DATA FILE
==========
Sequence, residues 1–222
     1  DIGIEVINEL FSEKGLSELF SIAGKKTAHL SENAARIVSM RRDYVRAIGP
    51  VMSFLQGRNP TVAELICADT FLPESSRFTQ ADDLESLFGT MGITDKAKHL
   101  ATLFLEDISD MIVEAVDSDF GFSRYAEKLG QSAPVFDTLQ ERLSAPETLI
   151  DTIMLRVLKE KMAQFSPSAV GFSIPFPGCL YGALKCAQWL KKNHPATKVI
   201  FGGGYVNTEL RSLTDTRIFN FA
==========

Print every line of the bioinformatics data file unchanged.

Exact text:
Sequence, residues 1–222
     1  DIGIEVINEL FSEKGLSELF SIAGKKTAHL SENAARIVSM RRDYVRAIGP
    51  VMSFLQGRNP TVAELICADT FLPESSRFTQ ADDLESLFGT MGITDKAKHL
   101  ATLFLEDISD MIVEAVDSDF GFSRYAEKLG QSAPVFDTLQ ERLSAPETLI
   151  DTIMLRVLKE KMAQFSPSAV GFSIPFPGCL YGALKCAQWL KKNHPATKVI
   201  FGGGYVNTEL RSLTDTRIFN FA